Regular international flights to India resumed on Sunday more than two years after the government banned overseas commercial air travel to battle the coronavirus pandemic.
Scheduled international flights to and from India were halted in 2020 to curb the spread of the virus in the second-most populous country, although several airlines were later allowed to operate flights under an “air bubble” arrangement.
The Civil Aviation Ministry said this month that regular flights would be restored in view of significant vaccination coverage across the world that has reduced the infection rates.
“After having recognised the increased vaccination coverage across the globe and in consultation with the stakeholders, the Government of India has decided to resume scheduled commercial international passenger services to/from India,” the ministry statement said.
Passengers are still required to show proof of vaccination or a negative Covid-19 test and self-monitor their health for 14 days after arriving in India.
Authorities will randomly test 2 per cent of arriving passengers to help track new Covid-19 variants.
The Health Ministry said wearing of masks and other preventive measures will remain mandatory at the airport and flights.
It has, however, eased some Covid-19 measures for flight crew members, including rules on wearing personal protective equipment.
On Sunday, the ministry reported 1,421 new cases in the country within the past 24 hours, down from a peak of 300,000 during the Omicron variant-driven third wave in January. The overall death toll rose by 149, to 521,034.
About 1.83 billion vaccine shots have been administered in India since the country was battered by a ferocious second wave early last year.
Sixty-seven per cent of the adult population has had at two vaccine doses, and 90 per cent has had at least one.
But the resumption of regular flights has raised concerns after a sharp rise in cases in Europe and the US caused by the highly contagious new BA.2 variant.
At least 69 per cent of Indians opposed the move over fears of new variants entering the country, according to a survey conducted by LocalCircles, a private online survey agency.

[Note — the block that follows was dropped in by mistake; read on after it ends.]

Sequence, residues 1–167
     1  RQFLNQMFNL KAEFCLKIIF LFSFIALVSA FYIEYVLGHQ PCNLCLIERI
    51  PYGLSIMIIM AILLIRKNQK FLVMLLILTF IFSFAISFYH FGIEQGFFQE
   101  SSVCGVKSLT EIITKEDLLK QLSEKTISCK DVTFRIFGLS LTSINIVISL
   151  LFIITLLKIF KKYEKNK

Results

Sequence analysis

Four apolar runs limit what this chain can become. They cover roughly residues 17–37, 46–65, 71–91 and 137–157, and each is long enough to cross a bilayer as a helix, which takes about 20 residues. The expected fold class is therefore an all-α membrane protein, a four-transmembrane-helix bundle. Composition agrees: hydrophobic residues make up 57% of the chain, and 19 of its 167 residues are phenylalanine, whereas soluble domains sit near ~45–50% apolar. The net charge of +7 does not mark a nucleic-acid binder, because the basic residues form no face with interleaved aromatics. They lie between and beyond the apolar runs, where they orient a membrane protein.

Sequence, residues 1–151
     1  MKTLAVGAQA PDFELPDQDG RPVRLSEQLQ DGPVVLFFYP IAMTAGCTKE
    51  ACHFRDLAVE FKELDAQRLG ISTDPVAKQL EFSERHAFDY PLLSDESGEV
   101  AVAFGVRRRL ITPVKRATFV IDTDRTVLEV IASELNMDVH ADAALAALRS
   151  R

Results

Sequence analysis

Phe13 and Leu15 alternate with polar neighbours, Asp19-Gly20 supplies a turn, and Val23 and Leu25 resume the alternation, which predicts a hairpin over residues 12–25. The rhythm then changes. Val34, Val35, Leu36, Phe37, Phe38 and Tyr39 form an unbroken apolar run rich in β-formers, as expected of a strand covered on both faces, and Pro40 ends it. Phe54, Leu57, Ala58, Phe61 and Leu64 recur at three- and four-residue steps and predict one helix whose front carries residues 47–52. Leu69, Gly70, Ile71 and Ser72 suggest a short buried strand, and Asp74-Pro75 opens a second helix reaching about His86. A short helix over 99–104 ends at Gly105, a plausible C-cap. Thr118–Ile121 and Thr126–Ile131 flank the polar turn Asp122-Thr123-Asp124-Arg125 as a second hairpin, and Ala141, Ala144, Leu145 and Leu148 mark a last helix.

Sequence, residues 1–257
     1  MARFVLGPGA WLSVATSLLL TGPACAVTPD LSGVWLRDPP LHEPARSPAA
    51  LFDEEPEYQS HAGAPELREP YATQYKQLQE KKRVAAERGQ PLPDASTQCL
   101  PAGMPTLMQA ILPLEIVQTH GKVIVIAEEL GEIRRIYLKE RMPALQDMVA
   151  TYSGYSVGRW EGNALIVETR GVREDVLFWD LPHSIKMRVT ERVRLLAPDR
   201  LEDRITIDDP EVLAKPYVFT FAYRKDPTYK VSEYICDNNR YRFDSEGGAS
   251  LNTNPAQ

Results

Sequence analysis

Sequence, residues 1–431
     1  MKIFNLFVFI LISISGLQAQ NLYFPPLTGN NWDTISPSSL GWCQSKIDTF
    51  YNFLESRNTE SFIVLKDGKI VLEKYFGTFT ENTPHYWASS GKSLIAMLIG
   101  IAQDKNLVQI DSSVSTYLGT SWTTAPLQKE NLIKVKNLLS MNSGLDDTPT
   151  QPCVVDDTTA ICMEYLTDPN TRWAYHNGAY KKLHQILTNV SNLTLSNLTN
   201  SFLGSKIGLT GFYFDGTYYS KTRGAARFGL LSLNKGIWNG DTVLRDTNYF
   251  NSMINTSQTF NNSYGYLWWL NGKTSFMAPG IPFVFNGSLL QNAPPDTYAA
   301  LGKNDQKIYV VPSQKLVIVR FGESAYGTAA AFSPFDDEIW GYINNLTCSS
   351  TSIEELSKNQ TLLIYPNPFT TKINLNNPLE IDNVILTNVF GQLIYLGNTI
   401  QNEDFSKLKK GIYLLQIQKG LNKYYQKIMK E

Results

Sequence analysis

But tour and travel operators have welcomed the return of regular flights as a boost to tourism.
India resumed issuing tourist visas in November but arrivals have been meagre owing to the ban on commercial flights.
The country is a popular tourist destination and the sector contributed nearly $200 billion to India’s GDP in 2019.
Ten million foreign arrivals in India were recorded in 2019 but that figure dropped to 2.7 million in 2020, the country’s tourism ministry said.
About 21.5 million people working in the sector lost their jobs in the second half of 2020, according to government estimates.
About 60 airlines from 40 countries have been permitted to operate 1,783 flights to and from India each week under the summer schedule, effective from Sunday to October 29.
Emirates airline, which is based in Dubai, said its services to India would return to pre-pandemic levels from April 1, with 170 flights to nine cities each week.
“We are excited ... We were pushing that for quite some time because we believe one can’t control the virus by banning air travel. It doesn’t need a boarding card,” Jyoti Mayal, president of the Travel Agents Association of India, told The National.
“There is a huge demand and we are expecting inbound tourists during the summer holidays. It will take the industry at least three years to recover losses but business-wise the numbers are bouncing back,” Ms Mayal said.
The currently high air fares could delay a full recovery, said Rajeev Mehra, chairman of the Indian Association of Tour Operators.
“It is a good sign that the flights are starting and the restrictions on old visas lifted but it all depends on the airlines,” he told The National.
“It will take us two weeks to understand the air fares; if they are stabilised, then only it can help the tourism industry. The higher air fare is affecting us.”